Media Theory for the 21st Century

January 17, 2008

message from Jim Andrews on code poetry

Filed under: General — nkhayles @ 12:23 am

i’ve been thinking a bit about ‘code poetry’
recently; a piece of mine is
going to be in an issue of
including some ‘code poetry’.

i think it’s good that the term is still wide
open. it can apply to the sort
of work mark marino talks about in
or to
other types. no one group can really colonize and
hold the territory to
themselves, because “code” operates at too many
levels and has too many
different relevant meanings in today’s world.
those who don’t know
programming have lots of scope since “code” isn’t
necessarily executable
programming language or even plain old
programming language. “code” doesn’t
have to have anything to do with computers at
all, for that matter.

perhaps there are some things, though, that most
if not all code poetries
are dealing with. the article by søren pold on
christophe bruno’s work at
quite articulate about the big picture:

“…while books are not becoming insignificant or
superfluous anytime soon,
we still have a new dominant medium for the
organization of knowledge,
culture, and society. Digital literature
consequently has a role to play as
a form of media-art that makes us aware of what
is happening to text as a
material and concept, to reading and writing, and
to the material basis of
text in the ongoing process of digitization,
networking, and mediation, and
how these material and formal changes correspond
to social and cultural
changes. The concept of text is currently
undergoing dramatic changes, and
most text is now produced and read at the
networked interface. Text in
contemporary society has become increasingly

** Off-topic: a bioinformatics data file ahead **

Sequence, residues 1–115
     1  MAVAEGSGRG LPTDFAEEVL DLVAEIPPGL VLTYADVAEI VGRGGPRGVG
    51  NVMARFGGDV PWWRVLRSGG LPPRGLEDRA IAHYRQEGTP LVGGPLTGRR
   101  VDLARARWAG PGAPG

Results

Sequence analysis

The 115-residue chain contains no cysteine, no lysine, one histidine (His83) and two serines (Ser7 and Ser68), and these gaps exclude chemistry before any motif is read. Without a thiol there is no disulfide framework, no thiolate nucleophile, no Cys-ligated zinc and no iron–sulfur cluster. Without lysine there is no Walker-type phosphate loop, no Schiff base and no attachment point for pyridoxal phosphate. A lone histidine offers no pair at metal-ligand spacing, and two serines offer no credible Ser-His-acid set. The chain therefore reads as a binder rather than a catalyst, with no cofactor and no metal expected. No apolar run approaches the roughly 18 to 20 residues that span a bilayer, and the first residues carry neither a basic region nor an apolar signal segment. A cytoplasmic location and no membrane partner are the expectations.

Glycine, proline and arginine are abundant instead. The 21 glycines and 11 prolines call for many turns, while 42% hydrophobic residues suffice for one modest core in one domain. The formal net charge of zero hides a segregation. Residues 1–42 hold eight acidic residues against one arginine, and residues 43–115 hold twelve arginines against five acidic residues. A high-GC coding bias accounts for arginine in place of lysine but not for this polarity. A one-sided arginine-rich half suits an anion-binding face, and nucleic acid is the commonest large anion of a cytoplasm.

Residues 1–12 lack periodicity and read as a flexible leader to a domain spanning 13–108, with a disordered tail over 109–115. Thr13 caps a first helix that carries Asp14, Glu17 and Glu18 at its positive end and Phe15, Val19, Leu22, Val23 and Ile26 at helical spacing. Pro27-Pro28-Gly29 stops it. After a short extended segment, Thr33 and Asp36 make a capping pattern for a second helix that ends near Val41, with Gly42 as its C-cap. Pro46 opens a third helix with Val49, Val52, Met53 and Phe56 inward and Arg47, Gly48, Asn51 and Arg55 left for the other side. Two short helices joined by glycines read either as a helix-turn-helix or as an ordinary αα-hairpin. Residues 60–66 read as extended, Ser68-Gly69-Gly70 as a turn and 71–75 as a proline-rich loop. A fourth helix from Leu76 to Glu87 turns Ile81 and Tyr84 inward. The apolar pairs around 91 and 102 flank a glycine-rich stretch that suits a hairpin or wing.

kinetic, electrified, spatial,
and more or less cybernetically controlled by,
for instance,
commercialization in our postmodern urban
environment and on the web.”

the term “code poetry” is a good one partly
because it is open. it isn’t a
‘school of poetry’ made up of a central group.
it’s poetry that has some
sort of intense engagement with code.

and it opens poetry to types of language and,
well, codes, that haven’t been
so prominently associated with poetry before.

also, it avoids limiting its focus to
computation. it refers as prominently
to matters of language and culture as to

and that’s a healthy inclusive broadness.

much as i would like to see a more intense
engagement within the art and
poetry worlds with issues concerning the role of
programming in art (not
simply programming as a technician’s job), it’s
important to keep the juice
flowing from many areas through poetry, and the
term ‘code poetry’ does that
quite nicely.

the first time i heard the term discussed was by
ted warnell on the
webartery list back around 1999 or 2000.

another advantage of the term “code” will emerge
in the coming years as we
come to understand more about the way the brain
codes and processes
information, i suspect. however it is done,
probably it isn’t done in what
we think of as ‘language’. there is no conscious
creator of those codings,
no designer, no consciousness below consciousness
in a ‘language’ of memory,
most likely, but something that is probably
better described as ‘code’. and
the same probably goes for information and
information processing such as
dna: it isn’t so well described as ‘language’ as

we are in an intense engagement with ‘code’,
these days, and it deeply
affects language. and we wonder what and if there
is a definitive difference
between code and language or whether they bleed
into one another as we
ourselves are also part cyber.

so the notion of ‘code poetry’ is aware of the
current and future growing
interface between code and language and this is
also the interface between
humanity and machine.


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